Protecting Residual Trees and Site Productivity

Damage to residual stems during thinning operations typically occurs during felling and skidding activities and can be minimized by:

  • Selecting an operator who has experience performing thinning treatments.
  • Conducting an on-site preharvest meeting with the buyer and operator.
  • Carefully planning transportation systems (i.e., forwarding rows and skid trails) to accommodate equipment as well as future harvest entries.
  • Reusing existing transportation systems where feasible.
  • Using care in felling and skidding of trees.
  • Limiting harvests of shallow-rooted species to frozen or dry conditions to minimize root damage.
  • Avoiding harvesting in the spring as the bark is more susceptible to sloughing off.
  • Identifying trail locations for skidders and/or forwarders which are as straight as possible to minimize rubbing of residual trees. The sharper the skidding or winching angle, the shorter the log should be.
  • Minimizing trafficking in areas where young regeneration is present.
  • Creating appropriate contract language which specifies residual stand protection requirements.
  • Closely monitoring the timber sale as it progresses.

Beyond minimizing damage to the residual stand, it is also important that harvest entries do not negatively impact the long-term productivity of the site. In particular, those entries should be done in a way that minimizes soil damage, such as compaction, rutting, or erosion. The following practices can be used to minimize soil damage during harvest entries, where appropriate:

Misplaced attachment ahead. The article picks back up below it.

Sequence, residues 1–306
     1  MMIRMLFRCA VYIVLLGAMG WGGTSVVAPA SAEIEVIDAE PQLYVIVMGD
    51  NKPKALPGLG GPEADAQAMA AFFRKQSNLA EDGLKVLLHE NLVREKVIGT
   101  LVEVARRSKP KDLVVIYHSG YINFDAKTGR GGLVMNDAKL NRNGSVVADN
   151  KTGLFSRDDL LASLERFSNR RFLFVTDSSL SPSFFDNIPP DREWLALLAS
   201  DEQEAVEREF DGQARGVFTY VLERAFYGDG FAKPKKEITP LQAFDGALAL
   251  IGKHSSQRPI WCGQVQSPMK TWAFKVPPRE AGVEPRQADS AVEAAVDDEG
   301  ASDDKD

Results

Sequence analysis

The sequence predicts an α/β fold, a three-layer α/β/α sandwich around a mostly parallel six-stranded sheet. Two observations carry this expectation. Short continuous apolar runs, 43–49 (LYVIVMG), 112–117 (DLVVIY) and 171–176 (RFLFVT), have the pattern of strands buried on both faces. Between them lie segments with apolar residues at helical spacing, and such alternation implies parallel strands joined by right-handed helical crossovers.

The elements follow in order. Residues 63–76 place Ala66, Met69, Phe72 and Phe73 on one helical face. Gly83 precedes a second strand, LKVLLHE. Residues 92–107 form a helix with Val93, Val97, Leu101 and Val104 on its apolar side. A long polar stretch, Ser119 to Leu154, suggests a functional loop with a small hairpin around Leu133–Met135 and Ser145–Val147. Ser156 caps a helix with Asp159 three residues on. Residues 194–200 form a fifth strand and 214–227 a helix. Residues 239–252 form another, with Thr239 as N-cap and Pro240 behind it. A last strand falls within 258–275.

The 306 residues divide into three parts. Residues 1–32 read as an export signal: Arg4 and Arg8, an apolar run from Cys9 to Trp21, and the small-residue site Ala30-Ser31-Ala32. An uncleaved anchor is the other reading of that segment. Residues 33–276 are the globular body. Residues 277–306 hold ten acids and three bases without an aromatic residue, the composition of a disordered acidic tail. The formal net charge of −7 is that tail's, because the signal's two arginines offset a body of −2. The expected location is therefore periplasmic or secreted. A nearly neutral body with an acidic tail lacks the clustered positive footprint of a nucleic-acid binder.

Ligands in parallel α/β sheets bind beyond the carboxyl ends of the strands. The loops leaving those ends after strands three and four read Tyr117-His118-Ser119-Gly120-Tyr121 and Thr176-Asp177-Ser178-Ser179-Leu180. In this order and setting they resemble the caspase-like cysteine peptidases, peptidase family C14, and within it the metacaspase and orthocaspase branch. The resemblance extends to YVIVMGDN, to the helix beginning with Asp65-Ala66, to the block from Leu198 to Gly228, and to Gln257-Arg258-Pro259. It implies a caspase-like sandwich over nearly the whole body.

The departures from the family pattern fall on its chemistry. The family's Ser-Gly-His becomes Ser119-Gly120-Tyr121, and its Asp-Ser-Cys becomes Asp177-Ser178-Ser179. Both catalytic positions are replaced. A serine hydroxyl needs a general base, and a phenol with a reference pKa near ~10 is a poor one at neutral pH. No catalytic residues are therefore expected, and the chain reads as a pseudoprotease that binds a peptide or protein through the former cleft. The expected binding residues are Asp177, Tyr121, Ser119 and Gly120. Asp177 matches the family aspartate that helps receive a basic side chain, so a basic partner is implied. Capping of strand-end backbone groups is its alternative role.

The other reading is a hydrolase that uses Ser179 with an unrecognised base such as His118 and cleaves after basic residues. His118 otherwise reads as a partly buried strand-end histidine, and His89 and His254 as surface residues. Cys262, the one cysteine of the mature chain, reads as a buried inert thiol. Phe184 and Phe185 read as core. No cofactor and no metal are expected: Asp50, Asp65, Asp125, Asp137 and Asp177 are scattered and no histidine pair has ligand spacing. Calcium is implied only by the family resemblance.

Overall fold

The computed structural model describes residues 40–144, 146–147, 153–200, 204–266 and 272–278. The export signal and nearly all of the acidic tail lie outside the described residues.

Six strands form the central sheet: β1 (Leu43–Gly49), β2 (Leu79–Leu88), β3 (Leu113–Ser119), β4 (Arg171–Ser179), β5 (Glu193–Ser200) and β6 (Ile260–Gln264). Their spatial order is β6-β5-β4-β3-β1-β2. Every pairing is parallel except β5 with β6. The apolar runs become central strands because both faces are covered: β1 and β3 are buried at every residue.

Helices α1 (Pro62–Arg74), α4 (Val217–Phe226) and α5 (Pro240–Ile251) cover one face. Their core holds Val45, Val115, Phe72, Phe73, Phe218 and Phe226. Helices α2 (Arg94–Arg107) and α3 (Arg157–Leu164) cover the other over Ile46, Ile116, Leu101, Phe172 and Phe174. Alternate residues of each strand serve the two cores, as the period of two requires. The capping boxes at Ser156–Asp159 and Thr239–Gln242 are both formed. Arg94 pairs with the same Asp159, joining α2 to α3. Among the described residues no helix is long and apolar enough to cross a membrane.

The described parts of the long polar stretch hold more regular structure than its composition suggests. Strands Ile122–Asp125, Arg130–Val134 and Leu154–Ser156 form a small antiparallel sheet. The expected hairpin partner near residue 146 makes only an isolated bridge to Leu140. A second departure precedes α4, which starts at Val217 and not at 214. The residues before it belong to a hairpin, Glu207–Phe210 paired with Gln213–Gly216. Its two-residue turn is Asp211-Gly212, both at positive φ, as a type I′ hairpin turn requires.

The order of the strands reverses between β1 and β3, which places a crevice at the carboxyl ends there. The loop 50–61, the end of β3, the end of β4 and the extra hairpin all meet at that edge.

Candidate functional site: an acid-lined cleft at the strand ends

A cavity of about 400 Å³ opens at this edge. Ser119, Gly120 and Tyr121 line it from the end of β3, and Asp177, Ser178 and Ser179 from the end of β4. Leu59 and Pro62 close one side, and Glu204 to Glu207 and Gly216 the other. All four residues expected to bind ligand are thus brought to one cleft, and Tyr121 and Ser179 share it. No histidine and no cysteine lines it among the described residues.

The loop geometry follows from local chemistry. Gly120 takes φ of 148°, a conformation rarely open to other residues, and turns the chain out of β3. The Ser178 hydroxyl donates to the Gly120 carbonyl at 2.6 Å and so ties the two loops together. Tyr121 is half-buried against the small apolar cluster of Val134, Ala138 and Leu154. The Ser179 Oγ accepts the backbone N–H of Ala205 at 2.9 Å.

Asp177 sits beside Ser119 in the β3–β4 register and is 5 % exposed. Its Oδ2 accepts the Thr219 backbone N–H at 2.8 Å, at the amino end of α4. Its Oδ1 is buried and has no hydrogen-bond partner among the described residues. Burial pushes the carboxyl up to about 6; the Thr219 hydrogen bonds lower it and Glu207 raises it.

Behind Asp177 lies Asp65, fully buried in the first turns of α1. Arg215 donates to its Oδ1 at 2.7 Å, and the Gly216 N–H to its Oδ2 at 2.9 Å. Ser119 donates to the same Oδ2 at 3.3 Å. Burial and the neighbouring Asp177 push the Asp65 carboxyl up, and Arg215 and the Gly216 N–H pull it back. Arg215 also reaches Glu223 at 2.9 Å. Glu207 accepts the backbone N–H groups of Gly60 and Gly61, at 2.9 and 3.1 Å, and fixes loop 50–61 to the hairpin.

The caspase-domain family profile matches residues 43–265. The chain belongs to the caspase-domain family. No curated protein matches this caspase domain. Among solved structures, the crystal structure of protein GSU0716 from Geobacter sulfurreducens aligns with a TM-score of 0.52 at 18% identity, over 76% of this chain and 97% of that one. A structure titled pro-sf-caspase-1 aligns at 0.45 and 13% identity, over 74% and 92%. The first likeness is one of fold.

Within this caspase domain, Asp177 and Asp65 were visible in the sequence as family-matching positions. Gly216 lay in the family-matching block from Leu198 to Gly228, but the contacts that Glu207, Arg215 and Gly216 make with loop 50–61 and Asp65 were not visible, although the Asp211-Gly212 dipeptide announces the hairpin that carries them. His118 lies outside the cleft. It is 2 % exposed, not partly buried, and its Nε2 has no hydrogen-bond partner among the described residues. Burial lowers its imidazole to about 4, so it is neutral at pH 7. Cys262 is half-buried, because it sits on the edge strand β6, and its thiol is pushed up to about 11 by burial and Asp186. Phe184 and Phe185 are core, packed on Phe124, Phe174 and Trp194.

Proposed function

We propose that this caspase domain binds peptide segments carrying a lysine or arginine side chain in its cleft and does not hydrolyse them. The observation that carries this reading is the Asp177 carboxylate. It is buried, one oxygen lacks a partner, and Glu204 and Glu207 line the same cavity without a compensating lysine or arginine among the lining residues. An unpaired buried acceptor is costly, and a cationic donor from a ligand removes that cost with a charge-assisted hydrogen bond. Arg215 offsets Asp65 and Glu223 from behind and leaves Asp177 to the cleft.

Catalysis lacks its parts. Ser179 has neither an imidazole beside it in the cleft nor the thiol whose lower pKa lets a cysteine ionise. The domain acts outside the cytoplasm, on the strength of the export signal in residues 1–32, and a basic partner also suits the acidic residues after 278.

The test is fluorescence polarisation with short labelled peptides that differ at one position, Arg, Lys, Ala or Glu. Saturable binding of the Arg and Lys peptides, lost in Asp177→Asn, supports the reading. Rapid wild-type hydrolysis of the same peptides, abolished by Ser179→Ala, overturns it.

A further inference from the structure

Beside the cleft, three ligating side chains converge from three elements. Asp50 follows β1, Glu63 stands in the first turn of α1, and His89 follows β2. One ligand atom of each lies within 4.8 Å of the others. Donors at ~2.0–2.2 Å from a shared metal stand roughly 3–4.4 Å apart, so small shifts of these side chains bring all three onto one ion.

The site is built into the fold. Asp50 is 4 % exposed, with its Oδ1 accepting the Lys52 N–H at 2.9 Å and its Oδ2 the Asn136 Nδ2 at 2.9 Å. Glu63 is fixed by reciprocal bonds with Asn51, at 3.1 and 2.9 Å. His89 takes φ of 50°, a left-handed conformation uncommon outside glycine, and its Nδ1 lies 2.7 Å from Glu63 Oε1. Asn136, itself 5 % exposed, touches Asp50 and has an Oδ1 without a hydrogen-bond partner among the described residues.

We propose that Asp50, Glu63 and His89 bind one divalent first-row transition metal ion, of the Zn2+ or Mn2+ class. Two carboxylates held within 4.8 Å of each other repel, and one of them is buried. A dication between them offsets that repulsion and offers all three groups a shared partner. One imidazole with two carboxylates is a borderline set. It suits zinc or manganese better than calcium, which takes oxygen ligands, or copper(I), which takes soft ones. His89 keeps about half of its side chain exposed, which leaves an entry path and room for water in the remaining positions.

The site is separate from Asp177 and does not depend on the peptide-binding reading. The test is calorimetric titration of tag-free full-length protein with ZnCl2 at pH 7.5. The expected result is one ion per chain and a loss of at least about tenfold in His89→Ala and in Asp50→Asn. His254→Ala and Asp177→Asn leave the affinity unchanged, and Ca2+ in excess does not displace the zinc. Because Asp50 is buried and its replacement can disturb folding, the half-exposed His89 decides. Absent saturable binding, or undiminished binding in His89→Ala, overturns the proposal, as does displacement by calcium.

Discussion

• Restricting equipment to designated transportation systems.
  • Harvesting sites during either dry or frozen ground conditions.
  • Spreading tops and limbs on skid trails to minimize impact of equipment.
  • Installing water bars or other erosion control devices along the transportation system in areas where erosion may occur.
  • Creating appropriate contract language which specifies residual stand protection requirements.
  • Closely monitoring the timber sale as it progresses.